Another bad example of a marriage is one founded on lust. Wickham and Lydia’s marriage was inevitably going to be bad. Lydia is a ‘young girl’ with ‘nothing but love, flirtation and officers have been in her head’. Elizabeth says ‘has never been taught to think on serious subjects’- exactly what Wickham could latch on to and use. We know Wickham cannot be trusted: at first he has ‘a charm of person and address that can captivate women’ but later through the novel we see that in fact he was an ‘imprudent and extravagant’ man and a man who ‘will never marry without some money’.

His ‘elopement with her’ changed the opinion of everyone and he was forced to marry her, though Lydia was senseless of what she had done. In society elopement was considered shameful and damaging to the family but when she returns with Wickham we can see she is only arrogant, ‘ah Jane, I take your place now and you must go lower because I am a married woman’.

From their relationship we know Lydia (because she was so naive) has been taken advantage of but genuinely loves Wickham; she was ‘exceedingly fond of him. He was always her dearest Wickham..’ but Wickham’s feelings were ‘not as equal to Lydia’s for him’. A marriage in blissful failure! Towards the end of the novel there are hints as to what becomes of their marriage, ‘his affections for her soon sunk into indifference; hers lasted a little longer’. We also know that Austen hints a lack of commitment- adultery on Wickham’s part when he ‘was gone to enjoy himself in London or Bath’. This could mean he wanted to get away from Lydia, so he could act as he always has – a typical ‘charmer’ to other ladies.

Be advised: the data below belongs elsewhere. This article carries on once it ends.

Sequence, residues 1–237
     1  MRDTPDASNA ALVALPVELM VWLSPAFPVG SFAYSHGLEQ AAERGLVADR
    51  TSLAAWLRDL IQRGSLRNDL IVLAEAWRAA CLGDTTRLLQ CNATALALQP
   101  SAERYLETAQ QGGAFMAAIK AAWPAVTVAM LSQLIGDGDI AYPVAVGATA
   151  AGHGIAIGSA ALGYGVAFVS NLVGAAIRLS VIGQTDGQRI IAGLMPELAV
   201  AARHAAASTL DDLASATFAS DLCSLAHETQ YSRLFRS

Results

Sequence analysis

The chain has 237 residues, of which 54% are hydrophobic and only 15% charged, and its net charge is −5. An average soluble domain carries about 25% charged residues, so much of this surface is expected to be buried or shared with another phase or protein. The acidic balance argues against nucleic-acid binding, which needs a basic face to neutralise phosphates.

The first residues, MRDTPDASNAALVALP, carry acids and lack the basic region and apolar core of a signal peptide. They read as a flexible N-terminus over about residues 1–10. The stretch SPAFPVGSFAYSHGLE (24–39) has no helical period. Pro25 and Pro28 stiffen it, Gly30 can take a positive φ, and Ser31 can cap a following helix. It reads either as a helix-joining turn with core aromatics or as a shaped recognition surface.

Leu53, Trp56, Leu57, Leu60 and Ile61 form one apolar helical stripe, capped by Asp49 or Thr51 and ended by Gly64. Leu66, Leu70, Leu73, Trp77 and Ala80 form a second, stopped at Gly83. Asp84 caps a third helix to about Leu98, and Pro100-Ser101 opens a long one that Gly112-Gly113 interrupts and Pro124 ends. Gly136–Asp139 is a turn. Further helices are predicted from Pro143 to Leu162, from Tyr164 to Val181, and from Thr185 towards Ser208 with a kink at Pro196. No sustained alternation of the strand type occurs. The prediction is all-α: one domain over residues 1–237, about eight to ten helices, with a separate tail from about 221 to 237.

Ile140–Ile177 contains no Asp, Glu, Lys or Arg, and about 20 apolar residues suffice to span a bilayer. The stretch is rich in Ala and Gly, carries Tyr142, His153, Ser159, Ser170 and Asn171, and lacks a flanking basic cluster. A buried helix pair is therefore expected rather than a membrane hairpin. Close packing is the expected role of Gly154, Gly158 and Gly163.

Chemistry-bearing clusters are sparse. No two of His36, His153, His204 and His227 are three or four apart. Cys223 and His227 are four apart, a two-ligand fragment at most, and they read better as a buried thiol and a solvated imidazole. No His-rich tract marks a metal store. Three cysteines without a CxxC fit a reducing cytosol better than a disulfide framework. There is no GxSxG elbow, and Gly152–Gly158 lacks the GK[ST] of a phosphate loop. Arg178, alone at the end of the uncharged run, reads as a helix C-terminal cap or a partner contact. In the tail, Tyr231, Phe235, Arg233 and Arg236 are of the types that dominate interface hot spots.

Though not all relationships are doomed to a bad end, on the contrary there are some relationships in the novel that show love can prevail and how love helps make a successful relationship.

If there was bound to be a destined couple, it was Jane and Bingley. They are the perfect example of two people who are very similar. Jane is in every way the ideal women, and Bingley an ideal man. In Austen’s time we know them to be ideal- Bingley is loved and so is Jane. They declare their love for each other many a times and also we can see that they lines each other from the start because at the ball Bingley ‘danced with her twice. To be sure that did seem as if he admired her.’

They do have a deep live for one another and even due to the fact that their social statues were different Bingley marries her. This is because of his undying love her for and of course she was considered as ‘handsome and amiable…as represented by common report’. I believe Austen was trying to show us of a love that was so perfect only to show us that it was slightly empty and boring because they have nothing to clash with, to show spirit in their relationship. This begins to have an affect on them at the end of the novel when ‘ Meryton relations was not desirable even to his easy temper, or her affectionate heart. ‘ – this shows that even perfection can be put to its limits. Nevertheless, their marriage is one to envy.

Austen revolves her book around Elizabeth and Darcy’s marriage. This is because their marriage is based upon truth. They are honest towards each other, complement each other other’s personality and communicate well because of all they have been through. From their relationship we can see that true love encounters difficulties along the way but love can conquer any difficult situation and two people can permanently be happy in a relationship for it.

At the start of the novel we see the prejudice formed between them because of difference of class. Darcy will not dance with Elizabeth because she is ‘not handsome enough’ for him. He says this because he considers all the women in Meryton to be his inferiors but this later leads to his downfall as it is established in the town that he is a most disagreeable, horrid man, not at all worth pleasing’.